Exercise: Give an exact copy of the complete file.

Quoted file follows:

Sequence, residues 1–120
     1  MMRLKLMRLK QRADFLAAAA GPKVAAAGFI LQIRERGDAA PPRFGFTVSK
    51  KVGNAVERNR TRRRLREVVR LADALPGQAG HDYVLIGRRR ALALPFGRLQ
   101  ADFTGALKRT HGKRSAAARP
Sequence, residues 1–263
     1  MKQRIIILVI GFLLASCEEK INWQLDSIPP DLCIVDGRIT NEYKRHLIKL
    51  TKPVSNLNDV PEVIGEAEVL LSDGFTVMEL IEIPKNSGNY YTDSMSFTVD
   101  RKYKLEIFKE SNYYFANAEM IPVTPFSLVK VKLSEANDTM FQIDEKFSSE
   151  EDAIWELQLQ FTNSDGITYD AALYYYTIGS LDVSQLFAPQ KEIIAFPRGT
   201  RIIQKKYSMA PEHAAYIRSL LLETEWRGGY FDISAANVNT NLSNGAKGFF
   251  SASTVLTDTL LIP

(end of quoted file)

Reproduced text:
Sequence, residues 1–120
     1  MMRLKLMRLK QRADFLAAAA GPKVAAAGFI LQIRERGDAA PPRFGFTVSK
    51  KVGNAVERNR TRRRLREVVR LADALPGQAG HDYVLIGRRR ALALPFGRLQ
   101  ADFTGALKRT HGKRSAAARP
Sequence, residues 1–263
     1  MKQRIIILVI GFLLASCEEK INWQLDSIPP DLCIVDGRIT NEYKRHLIKL
    51  TKPVSNLNDV PEVIGEAEVL LSDGFTVMEL IEIPKNSGNY YTDSMSFTVD
   101  RKYKLEIFKE SNYYFANAEM IPVTPFSLVK VKLSEANDTM FQIDEKFSSE
   151  EDAIWELQLQ FTNSDGITYD AALYYYTIGS LDVSQLFAPQ KEIIAFPRGT
   201  RIIQKKYSMA PEHAAYIRSL LLETEWRGGY FDISAANVNT NLSNGAKGFF
   251  SASTVLTDTL LIP